Next, the exact and sometimes very bloody Execution of these same Laws on every occasion. And the last and most monstrous of all, is the Approbation of the two first by Prelates, Councils, Popes, and most of the individual Doctors.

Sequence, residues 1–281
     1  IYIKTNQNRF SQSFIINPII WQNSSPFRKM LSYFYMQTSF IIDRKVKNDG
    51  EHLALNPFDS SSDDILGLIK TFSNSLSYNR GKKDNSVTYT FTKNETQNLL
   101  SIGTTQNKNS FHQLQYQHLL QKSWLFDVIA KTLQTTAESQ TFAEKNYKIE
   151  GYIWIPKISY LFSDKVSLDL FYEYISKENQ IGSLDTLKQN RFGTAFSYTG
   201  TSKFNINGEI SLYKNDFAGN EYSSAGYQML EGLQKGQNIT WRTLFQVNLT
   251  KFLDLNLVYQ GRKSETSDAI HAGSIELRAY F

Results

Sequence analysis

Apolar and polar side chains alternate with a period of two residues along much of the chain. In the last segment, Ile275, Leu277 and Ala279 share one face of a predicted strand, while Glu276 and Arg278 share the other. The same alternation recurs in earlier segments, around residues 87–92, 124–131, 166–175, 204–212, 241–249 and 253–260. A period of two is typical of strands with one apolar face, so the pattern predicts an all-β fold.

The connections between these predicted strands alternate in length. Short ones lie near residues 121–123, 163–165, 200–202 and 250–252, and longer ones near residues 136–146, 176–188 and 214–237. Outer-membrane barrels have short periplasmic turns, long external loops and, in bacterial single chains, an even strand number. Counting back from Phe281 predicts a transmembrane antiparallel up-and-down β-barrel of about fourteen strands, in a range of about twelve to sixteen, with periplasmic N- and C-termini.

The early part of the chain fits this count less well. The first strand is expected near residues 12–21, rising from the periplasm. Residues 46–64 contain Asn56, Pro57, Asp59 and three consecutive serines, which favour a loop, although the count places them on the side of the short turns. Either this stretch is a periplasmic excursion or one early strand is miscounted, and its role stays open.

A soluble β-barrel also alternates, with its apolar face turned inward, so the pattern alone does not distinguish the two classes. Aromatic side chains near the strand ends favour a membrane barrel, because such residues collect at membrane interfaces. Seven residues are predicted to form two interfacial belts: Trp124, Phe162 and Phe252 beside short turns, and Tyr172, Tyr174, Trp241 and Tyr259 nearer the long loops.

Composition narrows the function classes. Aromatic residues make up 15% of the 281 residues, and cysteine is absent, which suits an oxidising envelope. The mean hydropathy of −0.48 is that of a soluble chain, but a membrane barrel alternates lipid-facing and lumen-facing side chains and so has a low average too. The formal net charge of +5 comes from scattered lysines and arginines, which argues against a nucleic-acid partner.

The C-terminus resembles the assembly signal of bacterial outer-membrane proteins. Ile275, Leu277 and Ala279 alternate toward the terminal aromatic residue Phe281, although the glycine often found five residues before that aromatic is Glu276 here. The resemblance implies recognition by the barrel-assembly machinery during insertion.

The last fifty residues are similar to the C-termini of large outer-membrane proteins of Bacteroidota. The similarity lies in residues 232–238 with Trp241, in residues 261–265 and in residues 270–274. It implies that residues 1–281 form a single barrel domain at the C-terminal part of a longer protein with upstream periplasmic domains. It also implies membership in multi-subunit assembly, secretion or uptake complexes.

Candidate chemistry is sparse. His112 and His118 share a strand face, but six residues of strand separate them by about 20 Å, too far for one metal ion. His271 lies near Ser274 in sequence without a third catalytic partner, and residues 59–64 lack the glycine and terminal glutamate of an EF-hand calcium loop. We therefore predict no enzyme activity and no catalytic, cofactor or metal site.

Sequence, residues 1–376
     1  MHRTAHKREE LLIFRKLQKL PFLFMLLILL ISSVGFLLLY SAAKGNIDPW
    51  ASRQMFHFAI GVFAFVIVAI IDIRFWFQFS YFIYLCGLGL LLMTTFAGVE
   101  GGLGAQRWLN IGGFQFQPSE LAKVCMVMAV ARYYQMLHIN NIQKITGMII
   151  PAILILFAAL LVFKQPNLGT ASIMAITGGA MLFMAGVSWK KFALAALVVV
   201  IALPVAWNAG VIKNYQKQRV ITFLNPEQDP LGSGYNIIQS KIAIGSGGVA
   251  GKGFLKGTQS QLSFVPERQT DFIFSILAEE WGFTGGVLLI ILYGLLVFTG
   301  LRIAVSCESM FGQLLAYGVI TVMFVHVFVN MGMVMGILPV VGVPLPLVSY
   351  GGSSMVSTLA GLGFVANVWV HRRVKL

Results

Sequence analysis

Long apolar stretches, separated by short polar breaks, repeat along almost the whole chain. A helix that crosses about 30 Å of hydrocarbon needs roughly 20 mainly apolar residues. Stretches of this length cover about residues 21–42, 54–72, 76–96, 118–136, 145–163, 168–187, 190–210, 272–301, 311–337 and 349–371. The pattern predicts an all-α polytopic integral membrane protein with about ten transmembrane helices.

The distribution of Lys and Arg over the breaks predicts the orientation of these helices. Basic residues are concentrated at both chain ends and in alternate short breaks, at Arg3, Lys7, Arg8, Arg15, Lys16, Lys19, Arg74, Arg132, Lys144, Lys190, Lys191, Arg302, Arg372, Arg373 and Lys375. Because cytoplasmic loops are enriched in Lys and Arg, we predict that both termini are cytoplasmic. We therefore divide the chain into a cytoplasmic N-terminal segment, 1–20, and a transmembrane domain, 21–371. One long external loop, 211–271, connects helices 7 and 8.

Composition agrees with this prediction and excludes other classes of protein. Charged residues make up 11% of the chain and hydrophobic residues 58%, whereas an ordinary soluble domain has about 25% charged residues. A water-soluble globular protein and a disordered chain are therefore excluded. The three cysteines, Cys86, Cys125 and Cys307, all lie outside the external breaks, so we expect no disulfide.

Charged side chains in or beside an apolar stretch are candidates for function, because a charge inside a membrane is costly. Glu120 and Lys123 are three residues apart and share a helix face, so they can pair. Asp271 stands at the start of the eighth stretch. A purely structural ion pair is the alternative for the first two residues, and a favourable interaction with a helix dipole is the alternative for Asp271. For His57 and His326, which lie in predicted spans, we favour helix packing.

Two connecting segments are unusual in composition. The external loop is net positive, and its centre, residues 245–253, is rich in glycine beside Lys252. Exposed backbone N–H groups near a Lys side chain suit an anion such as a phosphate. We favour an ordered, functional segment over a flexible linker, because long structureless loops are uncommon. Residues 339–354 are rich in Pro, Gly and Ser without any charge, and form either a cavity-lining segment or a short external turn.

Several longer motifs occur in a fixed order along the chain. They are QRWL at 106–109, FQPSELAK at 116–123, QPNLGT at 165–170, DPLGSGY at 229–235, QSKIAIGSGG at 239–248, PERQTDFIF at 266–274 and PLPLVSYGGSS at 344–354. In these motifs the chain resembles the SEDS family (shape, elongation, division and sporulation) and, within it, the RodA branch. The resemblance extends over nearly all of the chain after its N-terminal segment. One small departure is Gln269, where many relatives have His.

I repeat it once more, This is what looks most monstrous in the whole Affair; for it’s no such wonder, that Christian Princes shou’d abuse their Power to the oppressing those Christians who differ’d from themselves in Worship or Opinion: They have so often abus’d it, to the involving their Subjects in most unjust, and sometimes most destructive Wars, and to the loading ’em with<751> Taxes and Imposts, that Persecution might very well be lookt on as an ordinary Failing in ’em. One might make a Genealogical Table with as little Interruption in the Lines, and with many more Branchings, of Princes, their Concubines, and their Bastards, as of them, their Queens, and their lawful Progeny; we are accustom’d to this, and don’t wonder at it: Why then shou’d we cry out on their Injustice against those who differ from ’em in Religion? But as we might justly deplore an universal Corruption, if we saw Divines and Pastors of Souls excite Princes to enter into unnecessary Wars, to lay heavy Taxes on their People, to carry on scandalous Gallantrys, bless ’em for these things, thank ’em publickly from the Pulpit, extol ’em in Harangues, in Epistles Dedicatory, &c. so is it the height of Iniquity and utmost Depravation, when the Depositarys of sound Doctrine, the most Venerable Part of the Christian Church, instantly sollicit unrighteous Laws, press the Execution of ’em, and load those with Thanks and Praises from the Chair of Truth, who grant and enforce ’em. Blindness and Flattery never carry’d it to such a height, with regard to the Adulterys and Concubinages of Crown’d Heads. The Church, the Priests, the Preachers, in the most complaisant Times, have contented themselves with keeping a respectful Silence; and undoubtedly Christianity must be suppos’d in a much more deprav’d State, if Murder, Rapine, Fornication, were publickly taught and recommended, than we can judg it to be from hence, that several Christians commit these Crimes. It’s therefore the excess and utmost strain of Iniquity and Blindness, when so<752> mad a Doctrine as that which authorizes the punishing those who from a Motive of Conscience refuse to sign a Formulary, spreads thro the Christian Church with the Approbation and Applause of almost all its Doctors; and is so thorowly establish’d, that one passes for little better than a Heretick, even in the Judgment of Protestants, if he speaks with some force for Toleration, as I have ventur’d to= do.